Cases of Musical Instruments

Keilim (16:8) | Yehuda Gottlieb | 6 years ago

The Mishnayos toward the end of the sixteenth perek of Mashechet Keilim discuss the tumah status of various bags and cases. The Mishnah (8) refers to the case for a musical instrument by the name of symponia.When the instrument is placed in the bag from the top – it contracts tumah, whereas if it is placed in the bag from the side it is tahor. The Mishnah then refers to the case of a flute and states that R’ Yehuda rules that this case is tahor as the instrument is inserted into the case from the side. It is unclear from the Mishnah however, how the Tana Kama would rule with regard to the tumah status of the flute case. The Tosfot Yom Tov comments that according to the common stylistic flow of the Mishnah, it would seem that the Tana Kama would disagree with R’ Yehuda and rule that the flute case would be tameh even though the instrument is usually placed in the bag from the side. This is difficult as it seemingly contradicts the Tana Kama’s opinion in the earlier example of the symoponia case.

The Tifferet Yisrael explains that in the example of the symponia, the instrument is placed in the bag from its top and therefore the bag itself has a beit kibul and subsequently is able to contract tumah. However, if one had a bag where the whole side is open and one placed the instrument into the bag from its side, then this bag is rather considered as a covering rather than a kli with a beit kibul and will be tahor.

In the example of the flute, the Tifferet Yisrael explains that the bag is one with two openings – one from its top and the other from its side. The Tana Kama in our Mishnah holds that usually one would put the flute into the bag from its top opening, meaning that the kli would have a beit kibul and be susceptible to tumah. R’ Yehuda disagrees and states that it is more common for a person to use the side opening for the flute and therefore the bag is considered a covering and is tahor. This argument seems to be one of metzius –i.e. what is the common practice.

The second answer of the Tifferet Yisrael defines the case of the flute as a long, thin cylindrical object. The common way of using this case is to insert the flute from the top and then to store the case containing the flute on its side in order to keep it protected. The Tana Kama holds that since one usually inserts the flute into the case from its top, it should be considered a utensil with a beit kibul and be able to contract tumah. R’ Yehuda disagrees and holds that since this case is never held or used when it is upright, rather it is commonly kept on its side, when using the side opening the bag is to be considered a covering and remains tahor.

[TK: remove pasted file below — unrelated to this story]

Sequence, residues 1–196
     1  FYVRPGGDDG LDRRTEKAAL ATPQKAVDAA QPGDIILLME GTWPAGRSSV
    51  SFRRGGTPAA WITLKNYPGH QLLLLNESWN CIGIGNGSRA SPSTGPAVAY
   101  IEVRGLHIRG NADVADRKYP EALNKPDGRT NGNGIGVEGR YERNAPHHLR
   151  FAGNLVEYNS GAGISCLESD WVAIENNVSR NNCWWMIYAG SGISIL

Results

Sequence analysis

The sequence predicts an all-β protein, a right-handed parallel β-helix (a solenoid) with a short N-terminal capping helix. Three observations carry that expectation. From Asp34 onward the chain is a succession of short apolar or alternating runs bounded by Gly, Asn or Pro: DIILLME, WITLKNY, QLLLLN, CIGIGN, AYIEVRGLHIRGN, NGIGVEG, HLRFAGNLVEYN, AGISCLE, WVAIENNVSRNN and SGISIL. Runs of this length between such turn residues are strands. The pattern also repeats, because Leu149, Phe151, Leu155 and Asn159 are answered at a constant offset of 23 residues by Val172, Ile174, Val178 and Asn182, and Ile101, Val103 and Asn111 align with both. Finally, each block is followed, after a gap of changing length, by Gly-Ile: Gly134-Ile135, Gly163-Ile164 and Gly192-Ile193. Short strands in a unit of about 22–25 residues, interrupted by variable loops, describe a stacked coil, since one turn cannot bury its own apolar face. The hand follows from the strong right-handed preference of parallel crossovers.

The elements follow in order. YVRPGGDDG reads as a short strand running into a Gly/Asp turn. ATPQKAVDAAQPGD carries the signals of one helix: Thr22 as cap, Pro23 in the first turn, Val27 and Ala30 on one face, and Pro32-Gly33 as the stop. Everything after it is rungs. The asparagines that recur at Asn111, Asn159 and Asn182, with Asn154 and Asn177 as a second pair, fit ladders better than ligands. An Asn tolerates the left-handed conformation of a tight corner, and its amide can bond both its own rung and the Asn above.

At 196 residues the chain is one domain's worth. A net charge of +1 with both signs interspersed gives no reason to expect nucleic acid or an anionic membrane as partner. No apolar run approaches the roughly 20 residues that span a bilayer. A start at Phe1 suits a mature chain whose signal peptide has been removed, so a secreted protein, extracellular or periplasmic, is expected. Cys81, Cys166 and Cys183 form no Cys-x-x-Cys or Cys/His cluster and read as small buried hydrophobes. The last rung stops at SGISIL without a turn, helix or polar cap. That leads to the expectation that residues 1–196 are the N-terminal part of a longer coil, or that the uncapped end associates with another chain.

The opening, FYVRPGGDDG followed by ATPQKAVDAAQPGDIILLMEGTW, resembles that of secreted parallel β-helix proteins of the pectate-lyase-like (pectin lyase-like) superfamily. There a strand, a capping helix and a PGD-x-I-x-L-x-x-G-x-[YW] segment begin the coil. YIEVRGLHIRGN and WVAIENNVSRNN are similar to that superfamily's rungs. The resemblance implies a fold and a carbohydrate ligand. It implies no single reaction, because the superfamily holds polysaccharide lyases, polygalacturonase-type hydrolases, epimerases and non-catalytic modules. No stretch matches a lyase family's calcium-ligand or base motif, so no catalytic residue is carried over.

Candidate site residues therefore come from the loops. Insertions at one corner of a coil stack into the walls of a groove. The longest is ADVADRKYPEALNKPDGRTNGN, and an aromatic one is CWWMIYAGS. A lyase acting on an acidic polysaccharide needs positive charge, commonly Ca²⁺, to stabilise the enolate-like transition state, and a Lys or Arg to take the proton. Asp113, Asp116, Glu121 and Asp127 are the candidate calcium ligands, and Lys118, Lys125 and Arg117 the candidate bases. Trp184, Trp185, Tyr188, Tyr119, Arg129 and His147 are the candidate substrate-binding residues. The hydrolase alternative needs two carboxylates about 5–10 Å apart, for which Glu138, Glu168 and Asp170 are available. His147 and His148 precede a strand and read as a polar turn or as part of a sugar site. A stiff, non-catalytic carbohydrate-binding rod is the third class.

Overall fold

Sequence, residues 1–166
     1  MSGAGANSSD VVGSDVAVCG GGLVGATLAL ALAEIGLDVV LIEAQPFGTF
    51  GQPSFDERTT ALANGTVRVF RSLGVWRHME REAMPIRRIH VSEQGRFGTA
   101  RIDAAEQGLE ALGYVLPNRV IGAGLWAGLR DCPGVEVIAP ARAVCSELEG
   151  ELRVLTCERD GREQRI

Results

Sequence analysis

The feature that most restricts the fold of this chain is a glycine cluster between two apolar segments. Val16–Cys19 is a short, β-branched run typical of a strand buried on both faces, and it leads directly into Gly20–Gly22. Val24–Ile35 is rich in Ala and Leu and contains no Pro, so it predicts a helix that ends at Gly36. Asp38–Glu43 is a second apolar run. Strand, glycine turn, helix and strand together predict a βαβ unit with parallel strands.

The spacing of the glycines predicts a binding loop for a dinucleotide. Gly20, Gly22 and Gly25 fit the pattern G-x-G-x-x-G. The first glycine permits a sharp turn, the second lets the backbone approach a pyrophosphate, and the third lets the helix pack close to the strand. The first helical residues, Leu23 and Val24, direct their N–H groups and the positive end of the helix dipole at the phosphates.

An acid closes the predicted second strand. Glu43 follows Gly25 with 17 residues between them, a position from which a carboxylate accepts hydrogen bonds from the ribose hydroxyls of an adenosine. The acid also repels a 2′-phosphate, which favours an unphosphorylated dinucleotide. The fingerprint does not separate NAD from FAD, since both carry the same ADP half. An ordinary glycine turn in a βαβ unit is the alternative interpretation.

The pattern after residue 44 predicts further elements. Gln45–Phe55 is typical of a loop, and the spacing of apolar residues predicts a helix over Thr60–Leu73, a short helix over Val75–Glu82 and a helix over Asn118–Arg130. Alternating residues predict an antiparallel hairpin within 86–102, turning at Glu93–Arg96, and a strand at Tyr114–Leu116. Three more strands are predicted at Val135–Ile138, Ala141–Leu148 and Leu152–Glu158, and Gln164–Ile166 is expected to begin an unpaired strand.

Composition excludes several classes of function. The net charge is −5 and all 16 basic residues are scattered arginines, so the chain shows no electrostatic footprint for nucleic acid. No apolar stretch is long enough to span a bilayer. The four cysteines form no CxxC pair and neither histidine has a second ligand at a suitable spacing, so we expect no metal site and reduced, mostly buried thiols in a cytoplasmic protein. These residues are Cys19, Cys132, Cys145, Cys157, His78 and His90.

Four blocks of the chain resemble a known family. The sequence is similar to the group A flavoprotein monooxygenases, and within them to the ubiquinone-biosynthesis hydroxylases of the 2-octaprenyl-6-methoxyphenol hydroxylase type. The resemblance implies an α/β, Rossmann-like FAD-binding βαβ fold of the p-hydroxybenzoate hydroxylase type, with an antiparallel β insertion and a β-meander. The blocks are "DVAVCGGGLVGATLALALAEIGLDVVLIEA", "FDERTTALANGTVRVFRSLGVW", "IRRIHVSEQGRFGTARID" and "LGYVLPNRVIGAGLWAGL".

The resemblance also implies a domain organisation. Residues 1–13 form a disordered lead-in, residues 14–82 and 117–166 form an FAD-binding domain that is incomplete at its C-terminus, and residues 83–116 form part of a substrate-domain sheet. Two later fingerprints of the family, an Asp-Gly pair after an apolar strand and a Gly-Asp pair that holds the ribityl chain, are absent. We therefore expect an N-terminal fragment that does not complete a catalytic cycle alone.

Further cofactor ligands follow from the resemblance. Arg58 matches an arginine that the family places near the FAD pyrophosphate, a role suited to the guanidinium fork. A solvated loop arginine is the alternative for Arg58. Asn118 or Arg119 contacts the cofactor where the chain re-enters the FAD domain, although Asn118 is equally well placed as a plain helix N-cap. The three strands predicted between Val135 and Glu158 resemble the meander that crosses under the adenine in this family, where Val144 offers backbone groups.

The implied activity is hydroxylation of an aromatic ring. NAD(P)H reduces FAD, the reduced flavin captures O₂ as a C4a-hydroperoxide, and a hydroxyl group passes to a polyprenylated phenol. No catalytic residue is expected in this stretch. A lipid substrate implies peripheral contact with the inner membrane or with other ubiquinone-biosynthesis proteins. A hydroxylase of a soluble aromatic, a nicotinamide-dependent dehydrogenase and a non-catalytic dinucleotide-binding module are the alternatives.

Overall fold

The Mishna Achrona cites another answer to this question. He explains that the symponia was an instrument that could only be played while upright. In most circumstances, in order to bring the instrument closer to the musician they would elevate the symponia on a stool or table. If these tables were too low, the case could actually be used as a stand. Since this case had a dual purpose – for use as a case as well as a stand it can contract tumah. This is based on the klal stated by R’ Yossi in the previous Mishnah (Keilim 17:7)*that a utensil is tameh when it has a purpose whether ‘in use’ or ‘not in use’. However, when the symponia case is used from the side, i.e. when it is not needed for use as a stand and is solely used as a cover for the instrument, it remains tahor. This logic would also explain the rationale for the case of the flute remaining tahor and imply that the Tana Kama of the Mishnah was in fact reflecting the opinion of R’ Yehuda*, rather than arguing with him.

The Mishna Achrona offers another answer. He states that the flute cases could be used to carry numerous flutes at the one time. The Tanna Kamma hold that since it is convenient for a person to transport many flutes in the one case, it therefore becomes a receptacle and is no longer subject to the klal mentioned by R’ Yossi in the previous mishna and can become tameh. This would apply irrespective of whether the case was predominantly used from the top or from the side.

R’ Yehuda on the other hand, holds that despite the flute case being able to hold many flutes, the case was not used predominantly to transport the flutes. Since this is not their purpose, they are not viewed as a receptacle when used from the side and remain insusceptible to tumah.

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